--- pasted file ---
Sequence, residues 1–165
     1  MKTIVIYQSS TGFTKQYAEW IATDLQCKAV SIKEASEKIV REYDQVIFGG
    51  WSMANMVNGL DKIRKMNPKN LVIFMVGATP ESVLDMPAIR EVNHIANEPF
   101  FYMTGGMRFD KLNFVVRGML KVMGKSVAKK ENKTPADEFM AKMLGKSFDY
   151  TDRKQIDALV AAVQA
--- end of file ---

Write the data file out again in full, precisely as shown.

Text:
Sequence, residues 1–165
     1  MKTIVIYQSS TGFTKQYAEW IATDLQCKAV SIKEASEKIV REYDQVIFGG
    51  WSMANMVNGL DKIRKMNPKN LVIFMVGATP ESVLDMPAIR EVNHIANEPF
   101  FYMTGGMRFD KLNFVVRGML KVMGKSVAKK ENKTPADEFM AKMLGKSFDY
   151  TDRKQIDALV AAVQA